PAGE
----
by J. Tortorici
As we twist and turn in the gale of daily upheavals surrounding the Paris Accords, our attention is drawn to the imperative exchange of a fossil fuel economy for renewable “clean” sources of energy. Our course is logical, based in science, and drenched in the altruism of a just cause…or so we believe.
Nuclear power is officially termed a “low-carbon energy technology,” hold that thought. The International Atomic Energy Agency published a comprehensive paper, Nuclear Power and the Paris Agreement, in November of 2016, touting the essential role nuclear power will play in reaching the goals set forth by the accord. Nowhere in any of the documents from the I.A.E.A. or administrative bodies associated with the Paris Accord is reference made to the inherent risks associated with nuclear power. “Low-carbon” now supersedes nuclear contamination.
As a society we give diligence to the threat of radioactive weaponization while the ongoing history of industrial nuclear power continues to pose a “clear and present danger.” We are inviting one of the greatest toxins known in humanity to thrive, waiting for it to take life on a scale we refuse to fear.
A great irony is the peaceful uses of nuclear power (the generation of electricity) are far from benign. The 2011 disaster at the Fukushima Daiichi nuclear power plant still resonates around the globe. Residual radiation spans the Pacific to the shores of the North American continent. In the United States, we note Simi Valley, California (1959), and Three Mile Island, Pennsylvania (1979). Chernobyl, Russia (1986), remains “hot” and abandoned to this day. The International Atomic Energy Authority uses a scale of 1 – 7 to classify accident severity. Fukushima was a “5”, Chernobyl was rated the most serious at “7”. Great Britain’s Guardian identified thirty-three serious (level 5 or greater) incidents and accidents at nuclear power stations since the first recorded one in 1952 at Chalk River in Ontario, Canada. Minor “incidents” occur regularly. The aggregate number of persons measurably contaminated by such “incidents”, great and small, remains elusive. Conservative estimates number in the millions.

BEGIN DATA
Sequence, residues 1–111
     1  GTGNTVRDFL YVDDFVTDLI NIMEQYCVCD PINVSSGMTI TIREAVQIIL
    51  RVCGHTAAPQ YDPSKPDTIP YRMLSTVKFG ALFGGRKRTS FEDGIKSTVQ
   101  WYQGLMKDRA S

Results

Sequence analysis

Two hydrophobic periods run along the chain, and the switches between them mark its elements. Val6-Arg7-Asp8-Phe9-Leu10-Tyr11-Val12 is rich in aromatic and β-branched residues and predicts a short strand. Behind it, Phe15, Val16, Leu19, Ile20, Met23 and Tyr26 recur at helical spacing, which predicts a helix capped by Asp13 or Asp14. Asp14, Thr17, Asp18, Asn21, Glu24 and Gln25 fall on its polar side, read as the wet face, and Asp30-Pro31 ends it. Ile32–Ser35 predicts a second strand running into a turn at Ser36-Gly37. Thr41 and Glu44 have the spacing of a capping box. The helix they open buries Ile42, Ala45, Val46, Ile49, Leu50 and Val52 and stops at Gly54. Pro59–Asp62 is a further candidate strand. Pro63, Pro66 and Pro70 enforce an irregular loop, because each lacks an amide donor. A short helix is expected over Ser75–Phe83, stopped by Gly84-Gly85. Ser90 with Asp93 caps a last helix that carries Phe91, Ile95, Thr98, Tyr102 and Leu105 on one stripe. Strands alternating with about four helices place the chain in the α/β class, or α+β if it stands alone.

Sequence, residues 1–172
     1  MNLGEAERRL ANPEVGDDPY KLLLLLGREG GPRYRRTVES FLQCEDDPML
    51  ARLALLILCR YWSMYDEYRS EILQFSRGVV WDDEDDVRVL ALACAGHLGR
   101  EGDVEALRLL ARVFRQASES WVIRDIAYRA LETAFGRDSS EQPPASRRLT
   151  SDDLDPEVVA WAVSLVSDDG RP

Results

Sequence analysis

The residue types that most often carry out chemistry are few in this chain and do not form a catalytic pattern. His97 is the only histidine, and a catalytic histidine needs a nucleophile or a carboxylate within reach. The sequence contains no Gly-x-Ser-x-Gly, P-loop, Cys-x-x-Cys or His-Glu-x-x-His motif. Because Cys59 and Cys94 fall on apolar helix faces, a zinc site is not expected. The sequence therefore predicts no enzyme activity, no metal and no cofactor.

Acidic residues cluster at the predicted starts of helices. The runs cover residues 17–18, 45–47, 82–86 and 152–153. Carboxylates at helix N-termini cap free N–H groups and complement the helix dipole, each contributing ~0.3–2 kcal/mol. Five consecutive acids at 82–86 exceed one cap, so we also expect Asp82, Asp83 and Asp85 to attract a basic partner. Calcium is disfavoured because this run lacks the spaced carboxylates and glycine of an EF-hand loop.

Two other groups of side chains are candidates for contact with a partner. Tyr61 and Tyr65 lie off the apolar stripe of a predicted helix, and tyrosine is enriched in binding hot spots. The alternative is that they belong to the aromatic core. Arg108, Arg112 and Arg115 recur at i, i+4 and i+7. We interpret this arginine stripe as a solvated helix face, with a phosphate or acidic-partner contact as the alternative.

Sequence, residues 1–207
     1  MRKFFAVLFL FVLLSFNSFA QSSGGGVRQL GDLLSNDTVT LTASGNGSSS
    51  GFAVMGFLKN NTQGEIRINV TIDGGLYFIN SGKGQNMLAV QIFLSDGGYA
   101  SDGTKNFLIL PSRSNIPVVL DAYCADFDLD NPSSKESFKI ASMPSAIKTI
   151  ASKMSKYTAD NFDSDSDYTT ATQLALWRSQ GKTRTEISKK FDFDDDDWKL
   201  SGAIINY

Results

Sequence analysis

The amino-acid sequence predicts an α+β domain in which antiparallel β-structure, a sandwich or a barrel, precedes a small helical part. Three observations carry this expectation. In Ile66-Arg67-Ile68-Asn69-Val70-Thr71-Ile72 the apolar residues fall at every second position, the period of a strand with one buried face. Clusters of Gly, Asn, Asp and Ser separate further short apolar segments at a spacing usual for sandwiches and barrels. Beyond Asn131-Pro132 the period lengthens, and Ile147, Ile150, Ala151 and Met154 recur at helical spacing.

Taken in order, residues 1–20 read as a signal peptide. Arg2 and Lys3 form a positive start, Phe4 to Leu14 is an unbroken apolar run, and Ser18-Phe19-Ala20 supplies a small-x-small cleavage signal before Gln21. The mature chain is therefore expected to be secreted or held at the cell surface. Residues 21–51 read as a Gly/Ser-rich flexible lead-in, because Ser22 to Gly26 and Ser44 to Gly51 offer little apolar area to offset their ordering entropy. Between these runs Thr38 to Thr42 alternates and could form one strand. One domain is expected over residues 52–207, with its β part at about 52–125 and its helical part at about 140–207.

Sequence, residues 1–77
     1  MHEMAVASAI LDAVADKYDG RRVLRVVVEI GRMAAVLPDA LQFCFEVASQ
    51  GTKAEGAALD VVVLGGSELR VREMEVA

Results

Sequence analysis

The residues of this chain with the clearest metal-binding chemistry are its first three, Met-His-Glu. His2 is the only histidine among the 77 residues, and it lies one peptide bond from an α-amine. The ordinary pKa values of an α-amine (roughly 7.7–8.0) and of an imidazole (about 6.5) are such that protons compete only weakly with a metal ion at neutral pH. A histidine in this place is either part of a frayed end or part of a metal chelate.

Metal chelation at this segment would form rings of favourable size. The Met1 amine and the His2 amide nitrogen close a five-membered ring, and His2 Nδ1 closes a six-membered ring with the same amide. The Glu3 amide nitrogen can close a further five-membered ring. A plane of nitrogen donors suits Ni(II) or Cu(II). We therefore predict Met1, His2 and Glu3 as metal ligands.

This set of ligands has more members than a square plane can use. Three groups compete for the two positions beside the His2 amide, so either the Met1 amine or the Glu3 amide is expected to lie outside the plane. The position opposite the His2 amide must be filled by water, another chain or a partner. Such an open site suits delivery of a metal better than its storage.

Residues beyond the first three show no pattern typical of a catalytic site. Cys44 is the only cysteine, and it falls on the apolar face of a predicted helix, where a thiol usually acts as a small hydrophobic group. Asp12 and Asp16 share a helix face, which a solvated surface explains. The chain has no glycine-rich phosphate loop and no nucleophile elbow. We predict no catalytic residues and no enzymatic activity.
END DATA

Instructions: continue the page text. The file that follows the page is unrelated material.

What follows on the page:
One could ask in what role the Nuclear Non-Proliferation Treaty (NNPT) of 1970 exists as a practical instrument for our protection in conjunction with the Paris Accords. There lies a profound contradiction.
“The road to hell is paved with good intentions.” Or in Virgil’s Aeneid: “the descent to hell is easy.” By attempting to limit the aspirations of a potential nuclear state for the sake of peace and order, the treaty exacerbates an imbalance of power and economic self-determination, environmental issues be damned. Despite the numerous iterations of “peaceful nuclear activities” and the “danger of nuclear war,” the treaty presents the impossible expectation of a static world.
The NNPT is based upon three pillars of action: non-proliferation, disarmament, and the peaceful uses of nuclear power. Both the NNPT and the I.A.E.A., who are responsible for controlling nuclear proliferation, also have a mandate to spread the productive use of nuclear power. Conflicts arise at every turn. As of November 2016, thirty countries worldwide are operating four-hundred fifty nuclear reactors for electricity generation, and sixty new nuclear plants are under construction in fifteen countries.